Ministry closing in on Kavala underground gas storage model

The energy ministry is close to deciding on a business model for a prospective underground gas storage facility in the offshore South Kavala region, the objective being to ensure the investment’s sustainability without overburdening consumers.

Numerous alternatives have been examined so far but a model applied in France and Italy appears to be the most favored, energypress sources informed.

The content of an upcoming joint ministerial decision is now at a mature stage following efforts that have now lasted nearly two years, energy ministry officials noted.

The ministerial decision will determine the licensing, development and exploitation terms for the project, 30km south of Kavala, where a depleted natural gas field is planned to be converted into an underground gas storage facility.

Swift progress is needed as Greece will need to request EU financing for the project, on the PCI list, in 2020. If the request is delayed until 2021 then the available funds could be severely diminished and absorbed by other European PCI-status projects.

The underground gas storage facility is vital for Greece’s electricity grid given the anticipated increase of gas consumption to be prompted by the planned development of combined cycle power plants. Five market players, Mytilineos, Elpedison, GEK TERNA, Elval Halkor and Karatzis, have expressed interest to develop such units.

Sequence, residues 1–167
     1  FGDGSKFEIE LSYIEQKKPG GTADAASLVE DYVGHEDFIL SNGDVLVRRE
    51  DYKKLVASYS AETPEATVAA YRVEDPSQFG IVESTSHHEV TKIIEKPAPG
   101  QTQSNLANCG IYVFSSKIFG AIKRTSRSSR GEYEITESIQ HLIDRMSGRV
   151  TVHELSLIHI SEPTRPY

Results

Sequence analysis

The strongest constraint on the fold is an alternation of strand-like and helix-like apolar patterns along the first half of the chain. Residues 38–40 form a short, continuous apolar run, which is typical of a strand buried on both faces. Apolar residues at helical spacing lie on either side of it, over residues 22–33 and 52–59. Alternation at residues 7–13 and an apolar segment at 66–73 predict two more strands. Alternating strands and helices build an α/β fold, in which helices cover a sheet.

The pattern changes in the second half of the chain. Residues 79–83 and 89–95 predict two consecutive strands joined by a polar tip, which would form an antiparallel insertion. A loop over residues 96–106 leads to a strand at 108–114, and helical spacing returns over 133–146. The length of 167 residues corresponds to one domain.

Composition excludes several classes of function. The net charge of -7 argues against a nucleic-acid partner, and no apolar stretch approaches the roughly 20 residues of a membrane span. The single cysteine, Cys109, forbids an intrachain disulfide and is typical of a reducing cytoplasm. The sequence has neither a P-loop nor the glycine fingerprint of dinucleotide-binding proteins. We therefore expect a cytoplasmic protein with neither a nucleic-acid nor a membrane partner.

Privatization fund TAIPED will take over proceedings for a tender once the project’s business model has been decided. The investment is expected to reach between 300 and 400 million euros. Its storage capacity is estimated at between 360 and 720 cubic meters.

Greece is the only EU member without an underground gas storage facility. All other member states maintain facilities covering at least 20 percent of their annual gas consumption needs. Many more similar facilities are currently being planned around Europe.

Independent energy players rushing to fill PPC lignite void

The country’s major independent energy groups are forging ahead with well anticipated plans to cover prospective electricity generating voids that will be created by power utility PPC’s withdrawal of lignite-fired units, now expected sooner following a government plan for a swifter withdrawal of all lignite-fired power stations, monopolized by the state-controlled power utility.

Speaking at the UN Climate Action Summit in New York last week, Prime Minister Kyriakos Mitsotakis declared full decarbonization would be achieved in Greece by 2028.

The Prime Minister’s pledge for a lignite-free Greece in less than a decade has not taken domestic independent energy groups by surprise. As early as three to four years ago, they had foreseen an approaching end of the lignite era in Greece and around Europe.

So, too, had PPC’s leadership. But the corporation’s lignite monopoly, lignite dependence of local economies in lignite-rich areas, especially Greece’s west Macedonia region, as well as perpetual political interests attached to PPC over the years, have all played roles that have prevented the utility from turning to other energy sources such as natural gas and renewables.